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For King and Country: Alberta in the Second World War

For King and CountryCopyright © 1995 Provincial Museum of Alberta
Edited by Ken Tingley
364 pages - Over 166 B&W photos, foreword, preface, acknowledgements and individual article footnotes and bibliographies,
8 1/2'' x 11 1/2'', out of print, ISBN 1-895073-81-2.

To mark the end of the Second World War, the Provincial Museum of Alberta (now the Royal Alberta Museum) developed a travelling exhibit that opened in Edmonton, Alberta, Canada on 4 February, 1995. For King and Country was published to complement the exhibit. The book examines the many ways in which the war affected the people of Alberta, and shaped the society in which they lived.

In Canada, we tend to lose sight of our own unique history because it is often overshadowed by the American and British stories revealed on television and on film. Even within Canada, western perspectives on national events are often lost. This is the impetus behind For King and Country.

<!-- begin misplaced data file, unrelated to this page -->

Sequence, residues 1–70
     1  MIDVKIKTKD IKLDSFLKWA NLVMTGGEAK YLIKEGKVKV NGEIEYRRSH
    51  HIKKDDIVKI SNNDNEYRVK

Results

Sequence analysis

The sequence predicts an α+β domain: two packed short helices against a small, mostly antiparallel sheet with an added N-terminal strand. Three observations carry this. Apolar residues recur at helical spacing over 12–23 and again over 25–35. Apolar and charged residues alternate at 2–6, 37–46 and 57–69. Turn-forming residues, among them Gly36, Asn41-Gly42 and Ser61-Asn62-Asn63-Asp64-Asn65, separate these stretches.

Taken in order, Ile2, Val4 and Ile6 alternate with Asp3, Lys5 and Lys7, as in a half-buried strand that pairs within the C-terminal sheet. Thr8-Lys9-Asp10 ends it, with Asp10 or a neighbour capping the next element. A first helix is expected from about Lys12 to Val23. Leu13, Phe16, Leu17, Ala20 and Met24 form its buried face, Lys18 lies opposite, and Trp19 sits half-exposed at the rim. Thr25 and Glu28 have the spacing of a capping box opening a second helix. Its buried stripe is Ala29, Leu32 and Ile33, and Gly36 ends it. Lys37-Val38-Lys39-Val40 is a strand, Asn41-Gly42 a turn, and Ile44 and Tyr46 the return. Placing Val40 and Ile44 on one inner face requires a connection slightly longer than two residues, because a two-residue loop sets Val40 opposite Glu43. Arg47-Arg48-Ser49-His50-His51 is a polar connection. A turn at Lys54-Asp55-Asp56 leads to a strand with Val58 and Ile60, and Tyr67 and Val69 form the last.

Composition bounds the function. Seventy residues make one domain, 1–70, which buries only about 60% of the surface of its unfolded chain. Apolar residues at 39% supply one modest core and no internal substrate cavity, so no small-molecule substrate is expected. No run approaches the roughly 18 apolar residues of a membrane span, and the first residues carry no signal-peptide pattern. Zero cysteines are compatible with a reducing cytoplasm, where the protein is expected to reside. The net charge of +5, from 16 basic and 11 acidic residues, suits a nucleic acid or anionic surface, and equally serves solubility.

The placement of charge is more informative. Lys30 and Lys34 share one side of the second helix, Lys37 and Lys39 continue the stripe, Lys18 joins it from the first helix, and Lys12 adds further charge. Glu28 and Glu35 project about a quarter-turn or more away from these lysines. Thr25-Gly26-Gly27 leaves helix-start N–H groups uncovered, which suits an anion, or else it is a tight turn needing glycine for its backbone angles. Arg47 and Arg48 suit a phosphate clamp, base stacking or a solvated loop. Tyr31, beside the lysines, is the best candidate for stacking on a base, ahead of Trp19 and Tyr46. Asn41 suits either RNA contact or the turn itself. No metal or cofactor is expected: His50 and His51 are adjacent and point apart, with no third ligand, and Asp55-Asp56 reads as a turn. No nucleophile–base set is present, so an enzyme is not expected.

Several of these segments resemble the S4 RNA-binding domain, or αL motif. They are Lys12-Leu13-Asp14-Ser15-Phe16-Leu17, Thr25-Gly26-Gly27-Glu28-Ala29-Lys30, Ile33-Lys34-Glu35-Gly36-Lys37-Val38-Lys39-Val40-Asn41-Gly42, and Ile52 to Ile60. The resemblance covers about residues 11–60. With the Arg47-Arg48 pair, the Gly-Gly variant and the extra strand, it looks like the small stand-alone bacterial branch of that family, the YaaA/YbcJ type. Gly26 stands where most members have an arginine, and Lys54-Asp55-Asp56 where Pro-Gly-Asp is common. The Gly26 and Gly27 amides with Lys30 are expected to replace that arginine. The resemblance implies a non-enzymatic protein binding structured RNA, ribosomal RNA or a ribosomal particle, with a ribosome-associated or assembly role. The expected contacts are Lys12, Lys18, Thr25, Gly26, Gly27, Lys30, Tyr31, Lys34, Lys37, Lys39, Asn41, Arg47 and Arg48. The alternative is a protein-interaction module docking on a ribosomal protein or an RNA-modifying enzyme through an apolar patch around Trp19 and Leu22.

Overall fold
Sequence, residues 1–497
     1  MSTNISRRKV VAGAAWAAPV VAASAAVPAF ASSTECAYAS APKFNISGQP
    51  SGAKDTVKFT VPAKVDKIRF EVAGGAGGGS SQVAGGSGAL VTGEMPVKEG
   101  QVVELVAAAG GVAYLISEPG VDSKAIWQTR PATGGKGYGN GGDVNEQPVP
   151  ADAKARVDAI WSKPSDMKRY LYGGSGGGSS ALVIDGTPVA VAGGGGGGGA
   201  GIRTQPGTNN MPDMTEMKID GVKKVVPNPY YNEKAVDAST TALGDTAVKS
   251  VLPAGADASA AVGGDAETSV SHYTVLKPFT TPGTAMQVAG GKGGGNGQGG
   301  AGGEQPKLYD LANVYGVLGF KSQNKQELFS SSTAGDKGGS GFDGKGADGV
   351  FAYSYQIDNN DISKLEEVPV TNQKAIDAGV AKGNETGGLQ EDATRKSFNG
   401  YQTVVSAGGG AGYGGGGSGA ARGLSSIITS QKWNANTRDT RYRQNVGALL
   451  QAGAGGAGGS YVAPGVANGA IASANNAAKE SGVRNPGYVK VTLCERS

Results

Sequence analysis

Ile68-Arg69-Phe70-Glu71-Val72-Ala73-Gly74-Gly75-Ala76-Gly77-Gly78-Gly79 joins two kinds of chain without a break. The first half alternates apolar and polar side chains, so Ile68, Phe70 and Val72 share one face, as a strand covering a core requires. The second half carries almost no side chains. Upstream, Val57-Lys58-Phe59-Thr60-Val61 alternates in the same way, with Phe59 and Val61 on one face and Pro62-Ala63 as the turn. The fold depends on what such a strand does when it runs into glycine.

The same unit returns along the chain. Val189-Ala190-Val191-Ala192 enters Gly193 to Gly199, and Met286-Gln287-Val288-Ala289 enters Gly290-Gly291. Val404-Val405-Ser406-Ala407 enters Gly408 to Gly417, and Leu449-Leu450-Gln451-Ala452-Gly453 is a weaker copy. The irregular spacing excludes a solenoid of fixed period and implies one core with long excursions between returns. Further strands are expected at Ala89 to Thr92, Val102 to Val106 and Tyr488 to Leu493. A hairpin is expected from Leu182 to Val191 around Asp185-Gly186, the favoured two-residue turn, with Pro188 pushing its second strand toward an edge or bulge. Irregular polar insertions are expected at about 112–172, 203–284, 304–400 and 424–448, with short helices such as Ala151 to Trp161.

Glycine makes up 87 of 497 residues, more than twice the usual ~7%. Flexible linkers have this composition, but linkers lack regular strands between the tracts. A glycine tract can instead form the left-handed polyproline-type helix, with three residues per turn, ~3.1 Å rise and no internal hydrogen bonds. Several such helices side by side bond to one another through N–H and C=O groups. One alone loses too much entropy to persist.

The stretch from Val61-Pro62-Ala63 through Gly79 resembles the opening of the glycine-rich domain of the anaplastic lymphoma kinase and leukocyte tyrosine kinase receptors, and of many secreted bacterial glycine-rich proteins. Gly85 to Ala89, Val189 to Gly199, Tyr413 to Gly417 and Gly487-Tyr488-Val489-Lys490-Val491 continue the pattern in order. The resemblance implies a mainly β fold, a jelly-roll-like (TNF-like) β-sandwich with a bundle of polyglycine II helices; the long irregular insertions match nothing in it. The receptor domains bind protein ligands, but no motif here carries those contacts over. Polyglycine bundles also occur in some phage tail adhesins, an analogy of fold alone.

The commemorative essays, comissioned by the exhibit's curator Maurice Doll and by editor Ken Tingley, gathered important aspects of political geography, modern economics, and popular culture to that cataclysm that was the Second World War. They document the successes and failures of Albertans and their impact on the world as witnessed and judged by Albertans. Presenting a particularly Albertan perspective, these works are an attempt to focus equally on services both overseas and on the homefront: they examine the experiences of thousands of men and women in the Army, Navy, and Air Forces and those of the thousands of civilians who backed them up at home.

The cover of the book, shown here, is illustrated with a special painting by renowned military artist and Albertan Ronald Volstad. Used to introduce the travelling exhibit For King and Country: Alberta in the Second World War, the painting depicts Canadian men and women in Second World War uniform serving in land, sea, and air forces and as nursing sisters.

A highly emotional time for Albertans, the Second World War is a complex, if not altogether controversial, subject to describe. It is therefore important for readers, when reviewing the materials presented here in digital format, to judge the attitudes and actions not by modern standards, but by those of the time.

The front matter of the book and selected essays are reprinted on the World War II: The Homefront in Alberta website with the permission of the publisher and authors.


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